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40 of 41 people found the following review helpful
5.0 out of 5 stars Excellent history and analysis, October 1, 2005
This review is from: A Primer on Postmodernism (Paperback)
This was an excellent study in the philosophical foundations of the actual movement of postmodernity, contrasted with the pop images of that movement which don't represent the shift in the history of human thought.

Grenz cleverly takes us into the movement (c. 1) by contrasting images of the old Star Trek, in which Mr. Spock represented the peak of intelligence, pure logic. He is presented as an image of modernity. In the newer Star Trek(s), there is ethnic diversity, a diversity of skills and stories, and a new emphasis on emotion. This is a taste of postmodernity.

Chapter 2 gives an account of the rise of postmodernity into the public eye and the U.S. culture, but this largely reflects the art and architecture of the post-1960's cultural revolution. The real foundations of postmodernity consist of a more sophisticated critique of earlier philosophy. Chapter 3 gives a more detailed look at a shifting worldview or vantage point, away from the monolithic empiricist view of the Enlightenment. As Descartes split the subjective self from the objective world, Bacon's creation of empirical method to bridge the two, and Newton's mechanistic description of an ordered universe created the pursuit of a universal worldview, the God's eye perspective. Modernity sought that one perspective and believed that humanity could attain an objective, rational grasp on it. Unfortunately, reasonable people in power seem to find ways to rationalize their use of it. This cast doubt on reason and objectivity themselves. This culminated (c. 4) in the Kantian analysis of reason. Reason creates categories through which the world is filtered. It is thus limited by its filter (leaving room for the noumenous or the metaphysical), but it is still rational and objective.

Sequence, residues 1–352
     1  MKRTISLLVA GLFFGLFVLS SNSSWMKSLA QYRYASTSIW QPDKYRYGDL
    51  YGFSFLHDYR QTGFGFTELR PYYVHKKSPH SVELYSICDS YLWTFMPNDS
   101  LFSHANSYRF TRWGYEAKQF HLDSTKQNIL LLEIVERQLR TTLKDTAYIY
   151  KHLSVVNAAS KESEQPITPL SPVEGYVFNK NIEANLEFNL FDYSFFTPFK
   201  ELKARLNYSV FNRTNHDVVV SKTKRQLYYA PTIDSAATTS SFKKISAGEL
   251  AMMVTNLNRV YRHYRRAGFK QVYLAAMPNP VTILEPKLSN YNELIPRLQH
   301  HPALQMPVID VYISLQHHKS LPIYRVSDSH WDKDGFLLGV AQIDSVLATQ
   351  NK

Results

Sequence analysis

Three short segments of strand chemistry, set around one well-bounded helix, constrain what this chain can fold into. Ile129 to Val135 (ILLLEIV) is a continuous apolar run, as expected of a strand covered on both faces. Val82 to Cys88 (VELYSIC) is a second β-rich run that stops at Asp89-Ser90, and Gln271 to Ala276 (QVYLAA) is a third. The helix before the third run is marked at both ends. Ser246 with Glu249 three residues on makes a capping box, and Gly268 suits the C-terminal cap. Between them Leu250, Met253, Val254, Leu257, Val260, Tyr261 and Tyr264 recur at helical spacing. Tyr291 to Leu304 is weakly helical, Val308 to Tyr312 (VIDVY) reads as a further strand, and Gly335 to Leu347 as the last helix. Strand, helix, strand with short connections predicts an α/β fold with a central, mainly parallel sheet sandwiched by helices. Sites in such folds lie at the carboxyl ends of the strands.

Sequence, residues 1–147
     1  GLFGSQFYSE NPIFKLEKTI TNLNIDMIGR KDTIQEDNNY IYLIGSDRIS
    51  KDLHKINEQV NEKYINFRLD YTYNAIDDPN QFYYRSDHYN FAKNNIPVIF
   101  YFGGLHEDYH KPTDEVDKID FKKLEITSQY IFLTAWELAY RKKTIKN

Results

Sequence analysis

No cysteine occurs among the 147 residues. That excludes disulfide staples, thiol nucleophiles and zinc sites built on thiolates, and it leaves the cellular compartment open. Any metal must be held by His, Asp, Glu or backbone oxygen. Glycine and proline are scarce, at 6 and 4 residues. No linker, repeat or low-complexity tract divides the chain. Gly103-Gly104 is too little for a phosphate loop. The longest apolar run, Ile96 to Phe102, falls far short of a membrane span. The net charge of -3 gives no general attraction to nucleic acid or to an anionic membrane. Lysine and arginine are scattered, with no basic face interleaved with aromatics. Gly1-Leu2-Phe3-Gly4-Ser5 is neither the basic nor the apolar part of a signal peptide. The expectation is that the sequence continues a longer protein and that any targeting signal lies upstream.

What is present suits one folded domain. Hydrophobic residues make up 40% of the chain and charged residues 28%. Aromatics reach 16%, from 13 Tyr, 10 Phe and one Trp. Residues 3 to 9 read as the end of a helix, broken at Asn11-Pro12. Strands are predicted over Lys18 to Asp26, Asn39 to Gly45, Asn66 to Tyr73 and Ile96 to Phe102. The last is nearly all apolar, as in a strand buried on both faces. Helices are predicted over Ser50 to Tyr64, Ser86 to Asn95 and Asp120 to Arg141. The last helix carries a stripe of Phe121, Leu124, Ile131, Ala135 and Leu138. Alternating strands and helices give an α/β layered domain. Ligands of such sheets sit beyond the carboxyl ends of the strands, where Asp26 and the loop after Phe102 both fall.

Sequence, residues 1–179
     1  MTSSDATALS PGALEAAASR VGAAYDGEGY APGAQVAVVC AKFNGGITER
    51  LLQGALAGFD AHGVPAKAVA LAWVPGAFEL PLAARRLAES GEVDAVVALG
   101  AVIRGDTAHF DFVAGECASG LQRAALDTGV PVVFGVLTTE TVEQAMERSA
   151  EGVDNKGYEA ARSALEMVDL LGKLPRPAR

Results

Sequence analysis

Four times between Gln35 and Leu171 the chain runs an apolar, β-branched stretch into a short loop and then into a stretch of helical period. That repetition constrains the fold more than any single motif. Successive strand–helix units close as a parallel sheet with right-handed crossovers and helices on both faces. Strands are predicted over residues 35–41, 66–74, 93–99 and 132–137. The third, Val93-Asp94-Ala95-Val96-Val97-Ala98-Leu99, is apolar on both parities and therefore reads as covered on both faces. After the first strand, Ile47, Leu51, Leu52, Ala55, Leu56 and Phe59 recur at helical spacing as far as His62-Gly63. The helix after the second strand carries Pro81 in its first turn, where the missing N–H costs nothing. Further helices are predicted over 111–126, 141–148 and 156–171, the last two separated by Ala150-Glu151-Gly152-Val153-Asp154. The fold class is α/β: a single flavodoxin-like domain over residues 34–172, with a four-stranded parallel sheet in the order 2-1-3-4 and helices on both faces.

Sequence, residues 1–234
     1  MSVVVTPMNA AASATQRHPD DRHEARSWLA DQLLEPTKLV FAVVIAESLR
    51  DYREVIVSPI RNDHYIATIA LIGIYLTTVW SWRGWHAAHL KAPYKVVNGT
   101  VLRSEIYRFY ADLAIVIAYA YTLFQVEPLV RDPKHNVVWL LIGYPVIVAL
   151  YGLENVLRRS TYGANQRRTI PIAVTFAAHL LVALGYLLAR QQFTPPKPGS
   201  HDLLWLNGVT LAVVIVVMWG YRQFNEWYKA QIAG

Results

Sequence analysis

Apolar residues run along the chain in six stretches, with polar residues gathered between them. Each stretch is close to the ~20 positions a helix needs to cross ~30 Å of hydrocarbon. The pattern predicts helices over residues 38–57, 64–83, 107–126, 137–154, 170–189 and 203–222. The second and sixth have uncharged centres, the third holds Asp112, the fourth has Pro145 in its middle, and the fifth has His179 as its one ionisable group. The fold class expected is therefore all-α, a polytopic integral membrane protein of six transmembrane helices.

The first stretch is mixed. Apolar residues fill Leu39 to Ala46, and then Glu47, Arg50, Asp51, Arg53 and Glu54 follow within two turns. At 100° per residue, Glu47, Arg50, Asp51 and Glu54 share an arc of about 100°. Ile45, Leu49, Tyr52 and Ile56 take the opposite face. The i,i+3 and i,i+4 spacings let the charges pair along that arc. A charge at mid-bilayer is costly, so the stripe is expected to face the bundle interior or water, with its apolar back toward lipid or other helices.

Chapters 5 and 6 are worth their weight in gold. This is a beginner's survey of the philosophical influences leading up to the present day. Without summarizing them all here, it suffices to say that Nietzsche announced the conclusion of modernity (both descriptively and prophetically). Godamer attempted a last grab at modernity by positing "a fusion of horizons" (Robert Nozik has more recently called it "invariances"). Schleiermacher and Wittgenstien turned modern philosophy from strict epistemology to linguistics, grounding meaning (if it can be had) in shared vocabulary. Foucault then accused language itself of bearing Nietzche's will-to-power, particularly language concerning sexuality; Derrida deconstructed the correspondence theory of knowledge and suggested that meaning coheres only within the context of a given vocabulary; Rorty affirms a coherence theory as well, denying there is a fundamental essence in anything.

Grenz fails to make note of the consequent shift of philosophy towards cognitive science after the perceived failure of epistemology. The contemporaries: Searle, Putman, and Nozik, are now operating under an assumed pragmatic realism and talking about whether or not computers can create minds.

I like that Grenz leaves us with very little prescriptions in the end. He closes on a fairly mild assertion that we need neither fully reject or embrace postmodernity, but we have to deal with it. Excellent book.
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Showing 1-3 of 3 posts in this discussion
Initial post: Sep 2, 2008 8:14:19 PM PDT
Readers beware: he book has a Christian bias, not surprising since Eerdmans is the publisher.

In reply to an earlier post on Aug 20, 2012 5:04:47 AM PDT
hans peter says:
another reader:

Oh, dear, God help us! Not Eerdmans!

Posted on Jul 28, 2013 1:32:21 AM PDT
Well, I don't know if the book has a Christian bias to it, but I ordered it used and J. Miller's review of the book is very detailed and helpful.
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